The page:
Aug 302015
 

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On this date in 1835 Melbourne was first settled by free colonists from Van Dieman’s Land (now Tasmania). It is the capital and most populous city in the Australian state of Victoria, and the second most populous city in Australia and Oceania. The name “Melbourne” refers to the area of urban agglomeration (as well as a census statistical division) spanning 9,900 km2 (3,800 sq mi), which comprises the broader metropolitan area, as well as being the common name for its city centre. The metropolis is located on the large natural bay of Port Phillip and expands into the hinterlands toward the Dandenong and Macedon mountain ranges, Mornington Peninsula, and Yarra Valley. Melbourne consists of 31 municipalities. It has a population of 4,442,918 as of 2014. It was incorporated as a Crown settlement in 1837. It was named “Melbourne” by the Governor of New South Wales, Sir Richard Bourke, in honor of the British Prime Minister of the day, William Lamb, 2nd Viscount Melbourne. It was officially declared a city by Queen Victoria in 1847, after which it became the capital of the newly founded colony of Victoria in 1851. During the gold rush of the 1850s, it was transformed into one of the world’s largest and wealthiest cities. After the federation of Australia in 1901, it served as the nation’s interim seat of government until 1927. Now Melbourne rates highly in education, entertainment, health care, research and development, tourism and sport, making it the world’s most livable city—for the fifth year in a row in 2015, according to the Economist Intelligence Unit.

Before the arrival of European settlers, the area was occupied by indigenous peoples for an estimated 30,000 to 40,000 years. At the time of European settlement, it was inhabited by under 20,000 hunter-gatherers from three indigenous groups: the Wurundjeri, Boonwurrung and Wathaurong.The area was an important meeting place for different groups because it had plentiful water and food.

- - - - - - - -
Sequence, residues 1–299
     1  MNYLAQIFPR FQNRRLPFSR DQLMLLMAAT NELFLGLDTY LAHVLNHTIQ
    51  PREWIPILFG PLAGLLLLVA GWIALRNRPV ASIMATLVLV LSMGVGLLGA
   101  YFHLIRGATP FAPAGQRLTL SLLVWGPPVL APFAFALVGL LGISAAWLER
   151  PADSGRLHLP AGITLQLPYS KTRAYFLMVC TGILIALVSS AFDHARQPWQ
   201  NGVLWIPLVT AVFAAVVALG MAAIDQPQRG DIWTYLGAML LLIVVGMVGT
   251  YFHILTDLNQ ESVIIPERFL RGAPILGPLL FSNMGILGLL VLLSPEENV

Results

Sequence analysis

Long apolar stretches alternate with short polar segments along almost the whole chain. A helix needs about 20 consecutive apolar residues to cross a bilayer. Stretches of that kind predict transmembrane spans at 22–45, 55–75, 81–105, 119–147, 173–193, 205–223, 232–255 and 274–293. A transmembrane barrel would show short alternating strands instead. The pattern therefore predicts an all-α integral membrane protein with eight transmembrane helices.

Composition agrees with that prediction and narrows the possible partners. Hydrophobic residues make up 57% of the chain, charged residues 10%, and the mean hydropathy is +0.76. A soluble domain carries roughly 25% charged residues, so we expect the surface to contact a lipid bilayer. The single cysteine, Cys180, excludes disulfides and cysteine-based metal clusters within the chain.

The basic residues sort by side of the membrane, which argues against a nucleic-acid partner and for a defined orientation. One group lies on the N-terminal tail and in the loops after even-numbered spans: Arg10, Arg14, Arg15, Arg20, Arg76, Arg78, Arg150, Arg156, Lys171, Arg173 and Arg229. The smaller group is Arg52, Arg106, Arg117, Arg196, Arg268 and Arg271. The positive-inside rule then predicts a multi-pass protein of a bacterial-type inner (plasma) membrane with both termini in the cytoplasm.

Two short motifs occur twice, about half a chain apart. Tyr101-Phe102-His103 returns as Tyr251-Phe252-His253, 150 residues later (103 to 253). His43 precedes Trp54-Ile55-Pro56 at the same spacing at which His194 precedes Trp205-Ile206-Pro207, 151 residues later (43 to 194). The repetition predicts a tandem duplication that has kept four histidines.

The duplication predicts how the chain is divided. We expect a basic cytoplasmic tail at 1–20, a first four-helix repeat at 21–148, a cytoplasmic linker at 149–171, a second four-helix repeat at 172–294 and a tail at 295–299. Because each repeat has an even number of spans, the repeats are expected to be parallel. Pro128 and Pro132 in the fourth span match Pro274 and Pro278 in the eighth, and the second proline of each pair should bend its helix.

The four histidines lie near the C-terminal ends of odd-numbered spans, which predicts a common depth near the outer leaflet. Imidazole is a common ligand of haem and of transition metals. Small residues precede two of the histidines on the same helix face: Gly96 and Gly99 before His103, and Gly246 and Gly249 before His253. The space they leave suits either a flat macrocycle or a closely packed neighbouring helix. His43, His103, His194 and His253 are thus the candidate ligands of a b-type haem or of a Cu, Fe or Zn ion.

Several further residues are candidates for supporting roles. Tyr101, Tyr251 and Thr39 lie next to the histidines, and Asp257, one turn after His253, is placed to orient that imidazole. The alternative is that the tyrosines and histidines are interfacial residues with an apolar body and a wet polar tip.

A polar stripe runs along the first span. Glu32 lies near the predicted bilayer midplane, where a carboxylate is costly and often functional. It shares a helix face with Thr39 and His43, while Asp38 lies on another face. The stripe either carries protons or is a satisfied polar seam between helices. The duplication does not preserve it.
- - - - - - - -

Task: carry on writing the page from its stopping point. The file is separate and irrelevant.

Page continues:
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The first European settlement in Victoria was established by Colonel David Collins in October 1803, at Sullivan Bay, near present-day Sorrento, but this settlement was relocated to what is now Hobart, in Tasmania, in February 1804, due to a perceived lack of resources. It would be 30 years before another settlement was attempted.

In May and June 1835, the area which is now central and northern Melbourne was explored by John Batman, a leading member of the Port Phillip Association in Van Diemen’s Land (now known as Tasmania), who claimed to have negotiated a purchase of 600,000 acres (2,400 km2) with eight Wurundjeri elders. Batman selected a site on the northern bank of the Yarra River, declaring that “this will be the place for a village”. Batman then returned to Launceston in Tasmania. In early August 1835 a different group of settlers, including John Pascoe Fawkner, left Launceston on the ship Enterprize. Fawkner was forced to disembark at Georgetown, Tasmania, because of outstanding debts. The remainder of the party continued and arrived at the mouth of the Yarra River on 15 August 1835. On 30 August 1835 the party disembarked and established a settlement at the site of the current Melbourne Immigration Museum. Batman and his group arrived on 2 September 1835 and the two groups ultimately agreed to share the settlement.

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Between 1836 and 1842, Victorian Aboriginal groups were largely dispossessed of their land. By January 1844, there were said to be 675 Aborigines resident in squalid camps in Melbourne. The British Colonial Office appointed five Aboriginal Protectors for the Aborigines of Victoria, in 1839, however their work was nullified by a land policy that favored squatters to take possession of Aboriginal lands. By 1845, fewer than 240 wealthy Europeans held all the pastoral licenses then issued in Victoria and became a powerful political and economic force in Victoria for generations to come.Melbourne was declared a city by letters patent of Queen Victoria, issued on 25 June 1847. On 1 July 1851, the Port Phillip District became the separate Colony of Victoria, with Melbourne as its capital.

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The discovery of gold in Victoria in mid 1851 led to the Victorian gold rush, and Melbourne, which served as the major port and provided most services for the region, experienced rapid growth. Within months, the city’s population had increased by nearly three-quarters, from 25,000 to 40,000 inhabitants. Thereafter, growth was exponential and by 1865, Melbourne had overtaken Sydney as Australia’s most populous city.